By Michael S. Derby
Federal Reserve officials believe their $120 billion a month in asset buying is a critical part of their efforts to aid the U.S. economy, but when it comes to measuring the effect of the purchases, things turn slightly ephemeral.
The Fed has been buying $80 billion in Treasury bonds and $40 billion in mortgage bonds each month since last year and it isn't clear when that will stop. The central bank used the purchases to calm unsettled financial markets at the start of the pandemic. The purchases have, however, reverted to what they were during the financial crisis: a stimulus tool to complement the Fed's near-zero interest rate stance.
The Fed's asset buying is aimed at lowering long-term bond yields from where they otherwise would have been, which in turn makes overall financial conditions more supportive of growth. The challenge for Fed policy makers and others is a lack of clear understanding in what a given level of buying does to asset levels.
In an interview with The Wall Street Journal this week, Federal Reserve Bank of New York leader John Williams was asked if the central bank has any metrics that help it understand the impact from a given amount of purchases. Mr. Williams replied that the purchases "lower mortgage rates, the cost of borrowing for companies and households and everybody." That, he added, translates into a "greater willingness to spend and invest, especially in an economy that's moving forward."
In separate comments to reporters earlier in the week, Mr. Williams flagged the Fed's mortgage bond buying as an especially potent source of stimulus.
Chicago Fed leader Charles Evans said Wednesday that asset buying works in several different ways. But he said one of the key benefits is that it signals how committed the Fed is to helping the economy recover.
"By continuing to do asset purchases, we're demonstrating we're in it to win, we're going to keep going, and we're, by golly, going to be achieving our, in this case, 2% on average inflation objective," Mr. Evans said.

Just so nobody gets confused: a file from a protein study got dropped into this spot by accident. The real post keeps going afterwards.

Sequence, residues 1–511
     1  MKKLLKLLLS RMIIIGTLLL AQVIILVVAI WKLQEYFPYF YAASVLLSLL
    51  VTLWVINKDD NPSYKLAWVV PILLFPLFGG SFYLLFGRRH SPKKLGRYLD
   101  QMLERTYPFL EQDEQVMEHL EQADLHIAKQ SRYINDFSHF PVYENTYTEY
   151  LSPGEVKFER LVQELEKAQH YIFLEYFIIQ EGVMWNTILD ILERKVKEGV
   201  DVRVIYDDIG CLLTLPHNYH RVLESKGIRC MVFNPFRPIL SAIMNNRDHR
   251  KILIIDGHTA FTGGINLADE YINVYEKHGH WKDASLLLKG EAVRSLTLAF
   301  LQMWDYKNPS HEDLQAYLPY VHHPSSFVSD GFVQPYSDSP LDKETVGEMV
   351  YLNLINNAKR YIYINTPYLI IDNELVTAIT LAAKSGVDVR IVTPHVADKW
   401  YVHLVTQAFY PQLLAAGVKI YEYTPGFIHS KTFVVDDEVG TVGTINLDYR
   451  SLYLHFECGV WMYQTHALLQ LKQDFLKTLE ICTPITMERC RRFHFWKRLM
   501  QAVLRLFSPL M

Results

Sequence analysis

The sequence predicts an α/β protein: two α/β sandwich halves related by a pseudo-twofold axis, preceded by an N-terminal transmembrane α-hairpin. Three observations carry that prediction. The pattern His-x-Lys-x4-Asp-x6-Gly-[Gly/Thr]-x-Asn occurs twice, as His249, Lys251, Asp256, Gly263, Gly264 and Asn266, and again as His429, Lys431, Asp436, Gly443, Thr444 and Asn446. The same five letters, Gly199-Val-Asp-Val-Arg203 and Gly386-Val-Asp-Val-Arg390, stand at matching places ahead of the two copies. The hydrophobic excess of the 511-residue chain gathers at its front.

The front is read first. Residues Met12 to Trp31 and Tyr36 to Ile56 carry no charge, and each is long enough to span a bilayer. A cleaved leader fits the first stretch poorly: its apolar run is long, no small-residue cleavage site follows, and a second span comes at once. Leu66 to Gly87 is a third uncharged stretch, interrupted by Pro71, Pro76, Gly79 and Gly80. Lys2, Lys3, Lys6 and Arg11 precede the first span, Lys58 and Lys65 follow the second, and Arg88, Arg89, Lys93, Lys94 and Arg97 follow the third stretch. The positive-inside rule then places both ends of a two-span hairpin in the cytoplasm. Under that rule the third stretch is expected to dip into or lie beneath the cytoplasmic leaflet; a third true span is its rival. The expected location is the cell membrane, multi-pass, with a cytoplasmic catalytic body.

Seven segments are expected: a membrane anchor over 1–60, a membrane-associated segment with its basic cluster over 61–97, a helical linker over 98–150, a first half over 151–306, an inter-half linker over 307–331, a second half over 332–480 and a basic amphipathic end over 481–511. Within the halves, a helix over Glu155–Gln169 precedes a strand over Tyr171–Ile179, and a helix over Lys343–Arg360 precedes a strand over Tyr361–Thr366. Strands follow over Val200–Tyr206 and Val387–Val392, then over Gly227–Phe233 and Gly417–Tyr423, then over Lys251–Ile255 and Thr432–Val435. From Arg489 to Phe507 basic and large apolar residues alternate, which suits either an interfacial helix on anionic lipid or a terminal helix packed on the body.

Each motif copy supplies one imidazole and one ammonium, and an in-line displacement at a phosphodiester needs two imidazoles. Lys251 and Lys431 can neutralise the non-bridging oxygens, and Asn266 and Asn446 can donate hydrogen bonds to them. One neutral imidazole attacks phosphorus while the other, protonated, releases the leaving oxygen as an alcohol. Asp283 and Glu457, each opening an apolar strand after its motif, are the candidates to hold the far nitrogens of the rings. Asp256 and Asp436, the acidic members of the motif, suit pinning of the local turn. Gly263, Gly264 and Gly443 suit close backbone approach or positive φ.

Separately, Cleveland Fed leader Loretta Mester said the current crisis is unique, which further complicates understanding the link between the Fed's bond buying and changes in financial conditions.
Fed bond buying is "part of a package of policy actions that have made policy very accommodative, which I think is appropriate," Ms. Mester said, adding that compared with past attempts to divine the impact of such purchases, "there's no reason to think that now is different from then."
During the financial crisis and its aftermath, academics and central bankers tried to find some link between asset buying and changes in yields and broader economic changes. A paper published last fall by the National Bureau of Economic Research argued that central bank officials have been overly confident about the impact, saying "while all of the central bank papers report a statistically significant [quantitative easing] effect on output, only half of the academic papers do."
The study's authors attributed the rosier central bank view to institutional incentives that drive central bankers to offer more optimistic views of their employers' work, incentives that don't exist for outside academics.
Understanding what the Fed gets for its bond buying is important because while it may help the economy in some hard-to-measure way, the purchases can also create problems, such as encouraging investors to seek better returns by moving money into riskier assets. The purchases also drive the Fed's balance sheet higher, which has at points courted political concerns.
Dallas Fed leader Robert Kaplan, who had a long career in finance before coming to the central bank, has been at the forefront of pushing his colleagues to consider paring back bond buying because of the faster-than-expected recovery.
"In light of some of the excesses and imbalances that can be created by these purchases, I think it's wise and I think we would be well served to be talking about this subject sooner rather than later, and I think we'll be much healthier as an economy when we are able to start weaning off these purchases," Mr. Kaplan said Thursday.
In a report Thursday, the Fed noted some of the vulnerabilities that can result from low Treasury yields. Prices of risky assets have generally increased since November as the economy has improved, the report said, adding that "High asset prices in part reflect the continued low level of Treasury yields." The report also said asset prices "may be vulnerable to significant declines should risk appetite fall."
Write to Michael S. Derby at firstname.lastname@example.org
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